The Islamic financial system – Part 2

Monday, 11 November 2019 00:55 -     - {{hitsCtrl.values.hits}}


By Ravi Abeysuriya


How big is Islamic Finance in Sri Lanka and how long has it been around?

An industry that began in 1997 has since witnessed the entry of many players subsequent to the amendment to the Banking Act in 2005. These include one fully-fledged Islamic Financial Institution (IFI) and many Islamic Banking Units (IBUs), sometimes referred to as Islamic “windows”. The institutions straddle the entire financial spectrum, from commercial banking, leasing, insurance, across to the capital and equity markets. 

Whilst the initial stages witnessed the entry of players on an ad hoc basis, recent events suggest a paradigm shift in the Islamic Finance landscape. Several leading commercial banks and Non-Banking Financial Institutions have entered the arena and the strength of their performances even during a short period of time bodes well for the future of the industry.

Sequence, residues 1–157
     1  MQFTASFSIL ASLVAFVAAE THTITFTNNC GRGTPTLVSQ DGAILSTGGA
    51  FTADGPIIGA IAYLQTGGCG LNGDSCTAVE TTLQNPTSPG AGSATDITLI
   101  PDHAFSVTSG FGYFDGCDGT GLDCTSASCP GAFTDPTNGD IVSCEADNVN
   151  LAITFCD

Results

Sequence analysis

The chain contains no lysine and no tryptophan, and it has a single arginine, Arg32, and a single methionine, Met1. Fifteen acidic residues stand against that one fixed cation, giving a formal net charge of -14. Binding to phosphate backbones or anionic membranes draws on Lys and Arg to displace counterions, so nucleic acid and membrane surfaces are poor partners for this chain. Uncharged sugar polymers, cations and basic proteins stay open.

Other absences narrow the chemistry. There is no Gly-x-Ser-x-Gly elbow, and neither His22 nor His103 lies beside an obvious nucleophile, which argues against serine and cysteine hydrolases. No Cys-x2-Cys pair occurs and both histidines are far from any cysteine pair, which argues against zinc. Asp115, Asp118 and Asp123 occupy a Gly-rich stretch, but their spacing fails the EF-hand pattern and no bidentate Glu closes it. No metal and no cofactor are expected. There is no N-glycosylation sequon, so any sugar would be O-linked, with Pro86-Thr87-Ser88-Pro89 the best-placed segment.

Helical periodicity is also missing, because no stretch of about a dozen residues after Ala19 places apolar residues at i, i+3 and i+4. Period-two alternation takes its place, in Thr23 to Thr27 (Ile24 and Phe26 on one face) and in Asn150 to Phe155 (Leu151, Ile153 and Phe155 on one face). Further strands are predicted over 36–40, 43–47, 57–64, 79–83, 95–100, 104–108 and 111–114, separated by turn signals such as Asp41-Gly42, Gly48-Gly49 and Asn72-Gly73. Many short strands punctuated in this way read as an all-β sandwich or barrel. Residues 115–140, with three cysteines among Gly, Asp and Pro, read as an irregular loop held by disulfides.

There are over twenty licensed institutions in the IBF industry. Constituents include commercial banks, NBFIs, insurance companies and capital market intermediaries (under the purview of the Securities and Exchange Commission of Sri Lanka). In fact, most of the large indigenous banks have entered the IF market and it is not entirely implausible that international banks could also follow, given that some of these international banks with a local presence already offer Islamic Banking in various countries across the global financial landscape.


The end result of Islamic Banking and conventional banking is the same. Why do they appear similar?